Emerging pathways to safe and just futures for people and the planet

Journal: Challenges in Sustainability

Editors: Christopher Orr and Katie Kish

Logistical Information:

  • Research articles up 8000 words excluding references
  • We encourage established researchers to find funds to publish (~$500 CND). CANSEE will cover the publishing cost of those unable to secure publishing funds.
  • Due: July 22, 2021
  • Submit directly to the journal
  • All papers are required to have a policy, practice, and/or action outputs, which will be due August 19, 2021 (see below for more details)

Description: The COVID-19 crisis has led to many calls for recovery, to rebuild, and to build back better to address the climate crisis. Ecological economists have long emphasized the futility of attempting to address the climate crisis within an outdated growth-oriented economic framework that prioritizes economic activity at the expense of attending to quality and ecological integrity. But the pandemic has exposed vulnerabilities and tensions inherent in established political and economic systems. Existing vulnerabilities and inequalities have exacerbated challenges for health and wellbeing, community livelihoods, and efforts to achieve ecological stability and integrity. Moreover, tensions have revealed how deeply interconnected social, economic, and environmental dimensions of wellbeing are. Simply rebuilding to pursue the previous path is neither tenable nor desirable. Instead, the current context provides an opportunity to reorient: to pivot towards safe and just futures for people and the planet. This urgent task demands courage, creativity and experimentation. What groups, initiatives, and visions have been seeded in or are emerging from the cracks created by the pandemic? What structures must be reimagined and what relationships must be renegotiated? And what solutions are emerging capable of catalyzing action that supports this reorientation?

This special issue will engage with sustainability challenges from an ecological economics perspective in the context of recent vulnerabilities, inequalities, injustices, and systemic tensions. We invite contributions that apply ecological economics thinking to explore concrete problems that impact human and ecological wellbeing. Contributions to this special issue will use an ecological economics lens to engage with problems at the intersection of ecological and social challenges to inform effective and inclusive solutions. Recognizing that these solutions are inherently complex and systemic, they implicate diverse actors from governments, NGOs, Indigenous groups, activists, businesses and civil society. Thus, we especially encourage submissions that consider transformative solutions that address unequal relationships between different groups, societies and species in different regions and on different timescales. Contributors will be asked to increase the impact of their research by developing a publically accessible knowledge transfer piece such as a policy brief, op-ed, piece of artistic expression or related output as approved by the editors. In addition to knowledge dissemination, this piece may also propose recommendations for concrete steps needed to realize the solutions identified.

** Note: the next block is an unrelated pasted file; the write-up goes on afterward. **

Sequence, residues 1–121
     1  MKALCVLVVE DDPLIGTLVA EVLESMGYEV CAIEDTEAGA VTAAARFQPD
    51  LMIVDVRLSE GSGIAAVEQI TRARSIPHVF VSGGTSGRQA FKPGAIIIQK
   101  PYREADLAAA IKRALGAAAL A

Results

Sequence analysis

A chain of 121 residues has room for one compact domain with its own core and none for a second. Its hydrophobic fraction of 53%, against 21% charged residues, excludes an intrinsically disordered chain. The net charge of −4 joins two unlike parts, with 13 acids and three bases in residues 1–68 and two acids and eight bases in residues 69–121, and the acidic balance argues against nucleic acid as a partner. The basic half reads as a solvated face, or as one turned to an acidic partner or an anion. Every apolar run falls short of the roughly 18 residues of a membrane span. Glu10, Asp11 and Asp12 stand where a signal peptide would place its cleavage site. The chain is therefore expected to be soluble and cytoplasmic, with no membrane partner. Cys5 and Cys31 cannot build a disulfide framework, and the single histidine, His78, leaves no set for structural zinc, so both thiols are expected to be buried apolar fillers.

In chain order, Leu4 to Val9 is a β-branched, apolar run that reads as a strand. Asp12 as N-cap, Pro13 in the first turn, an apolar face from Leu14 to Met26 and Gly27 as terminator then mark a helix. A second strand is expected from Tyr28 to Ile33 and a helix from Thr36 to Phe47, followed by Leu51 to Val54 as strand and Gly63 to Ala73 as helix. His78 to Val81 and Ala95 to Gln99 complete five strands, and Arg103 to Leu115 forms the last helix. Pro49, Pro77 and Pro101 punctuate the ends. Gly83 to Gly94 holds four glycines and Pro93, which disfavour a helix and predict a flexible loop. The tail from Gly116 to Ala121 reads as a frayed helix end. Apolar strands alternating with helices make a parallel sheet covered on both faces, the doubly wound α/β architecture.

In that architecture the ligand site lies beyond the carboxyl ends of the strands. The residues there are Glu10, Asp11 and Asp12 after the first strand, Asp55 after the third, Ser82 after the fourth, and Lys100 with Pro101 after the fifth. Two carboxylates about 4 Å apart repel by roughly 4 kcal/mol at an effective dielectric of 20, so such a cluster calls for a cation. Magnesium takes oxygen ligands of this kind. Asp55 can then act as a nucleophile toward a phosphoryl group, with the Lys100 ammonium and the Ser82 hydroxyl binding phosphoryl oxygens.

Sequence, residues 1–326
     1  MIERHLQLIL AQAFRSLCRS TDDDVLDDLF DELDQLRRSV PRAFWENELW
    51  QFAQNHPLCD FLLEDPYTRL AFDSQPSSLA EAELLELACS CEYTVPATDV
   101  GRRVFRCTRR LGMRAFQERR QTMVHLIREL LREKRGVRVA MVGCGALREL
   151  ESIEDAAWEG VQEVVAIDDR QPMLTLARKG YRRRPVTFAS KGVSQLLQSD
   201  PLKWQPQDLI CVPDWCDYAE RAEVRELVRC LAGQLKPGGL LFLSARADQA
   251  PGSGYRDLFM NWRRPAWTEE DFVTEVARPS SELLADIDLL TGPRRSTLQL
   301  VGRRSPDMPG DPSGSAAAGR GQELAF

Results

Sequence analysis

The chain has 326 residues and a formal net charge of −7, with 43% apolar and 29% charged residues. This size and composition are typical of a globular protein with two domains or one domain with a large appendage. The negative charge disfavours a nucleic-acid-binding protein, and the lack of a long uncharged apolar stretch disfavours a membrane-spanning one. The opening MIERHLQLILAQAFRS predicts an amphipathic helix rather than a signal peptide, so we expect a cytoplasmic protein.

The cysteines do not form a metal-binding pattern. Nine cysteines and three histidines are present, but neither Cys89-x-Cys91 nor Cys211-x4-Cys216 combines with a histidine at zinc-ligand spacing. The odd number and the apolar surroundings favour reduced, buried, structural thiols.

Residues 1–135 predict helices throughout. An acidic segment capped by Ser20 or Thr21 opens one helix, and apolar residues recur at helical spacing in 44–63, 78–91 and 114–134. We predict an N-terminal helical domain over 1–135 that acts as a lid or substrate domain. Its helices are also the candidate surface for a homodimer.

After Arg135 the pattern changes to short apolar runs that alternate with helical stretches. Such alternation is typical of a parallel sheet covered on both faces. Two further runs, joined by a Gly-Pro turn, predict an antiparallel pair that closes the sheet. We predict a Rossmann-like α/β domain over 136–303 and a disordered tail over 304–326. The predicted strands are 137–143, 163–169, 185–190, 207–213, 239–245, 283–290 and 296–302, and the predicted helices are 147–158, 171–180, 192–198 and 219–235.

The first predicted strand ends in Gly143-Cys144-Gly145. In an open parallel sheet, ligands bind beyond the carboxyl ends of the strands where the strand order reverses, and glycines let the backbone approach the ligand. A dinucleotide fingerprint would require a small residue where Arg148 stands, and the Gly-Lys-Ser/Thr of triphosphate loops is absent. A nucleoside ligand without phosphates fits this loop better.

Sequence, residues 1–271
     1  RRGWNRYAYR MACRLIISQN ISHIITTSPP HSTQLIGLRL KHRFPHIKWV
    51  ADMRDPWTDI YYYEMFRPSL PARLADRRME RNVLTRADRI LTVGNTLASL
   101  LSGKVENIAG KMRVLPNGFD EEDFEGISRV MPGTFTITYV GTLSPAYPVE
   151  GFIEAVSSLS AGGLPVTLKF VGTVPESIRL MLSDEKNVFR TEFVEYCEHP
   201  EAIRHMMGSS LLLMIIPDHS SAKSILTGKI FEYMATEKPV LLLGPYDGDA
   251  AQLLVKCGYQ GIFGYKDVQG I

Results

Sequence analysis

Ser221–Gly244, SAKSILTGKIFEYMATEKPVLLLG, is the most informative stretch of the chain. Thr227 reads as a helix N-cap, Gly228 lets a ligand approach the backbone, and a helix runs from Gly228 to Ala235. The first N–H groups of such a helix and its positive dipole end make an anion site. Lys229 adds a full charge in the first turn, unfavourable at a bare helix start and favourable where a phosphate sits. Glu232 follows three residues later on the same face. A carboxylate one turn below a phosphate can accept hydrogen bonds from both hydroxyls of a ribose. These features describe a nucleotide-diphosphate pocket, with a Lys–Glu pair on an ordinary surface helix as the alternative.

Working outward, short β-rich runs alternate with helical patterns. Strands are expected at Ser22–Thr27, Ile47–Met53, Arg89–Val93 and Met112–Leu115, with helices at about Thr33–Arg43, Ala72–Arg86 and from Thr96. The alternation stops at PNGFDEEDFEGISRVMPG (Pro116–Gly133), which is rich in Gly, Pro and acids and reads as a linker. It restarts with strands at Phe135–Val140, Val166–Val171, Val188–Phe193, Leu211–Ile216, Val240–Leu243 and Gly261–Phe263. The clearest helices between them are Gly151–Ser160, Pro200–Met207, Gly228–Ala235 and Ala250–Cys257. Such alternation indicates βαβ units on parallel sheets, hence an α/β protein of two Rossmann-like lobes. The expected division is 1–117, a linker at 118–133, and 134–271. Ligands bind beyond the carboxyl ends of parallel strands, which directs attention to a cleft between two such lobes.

We invite proposals related to the theme of this special issue, and in particular welcome contributions on the following topics:

  • Understanding systems change
  • Sustainability transitions
  • Post-COVID-19 recovery
  • Degrowth
  • Alternative visions and narratives of wellbeing
  • City, urban and rural climate and sustainability initiatives
  • Livelihood, care, and alternative economies
  • Ecological and human health
  • Regenerative human-Earth relationships
  • Indigenous reconciliation
  • Social movements and activism
  • Political ideologies, populism and polarization
  • Knowledge and intellectual property

Please submit manuscripts of 8000 words including references. Contributors are also asked to submit a 1-page (300 word) proposal for a knowledge transfer piece, describing their objectives, their target audience, the media outlet/means of knowledge dissemination, and the length and format.

Plan for policy, practice, and action outputs:

  • Pieces can have a wide range of purposes and outlets. However they must build upon the ideas developed in the accepted article. They should extend those ideas and apply them to real-world action, whether this is a specific problem, group, initiative, or debate.
  • Policy, practice, and action outputs can be 300-2000 words, depending on the outlet and format required.
  • Potential outputs:
    • Alternatives Journal 
    • Policy options (IRPP)
    • Targeted piece with insights/recommendations for a specific interest group/organization
    • Op-ed in local/national media
    • Blog post/other for dissemination to broader public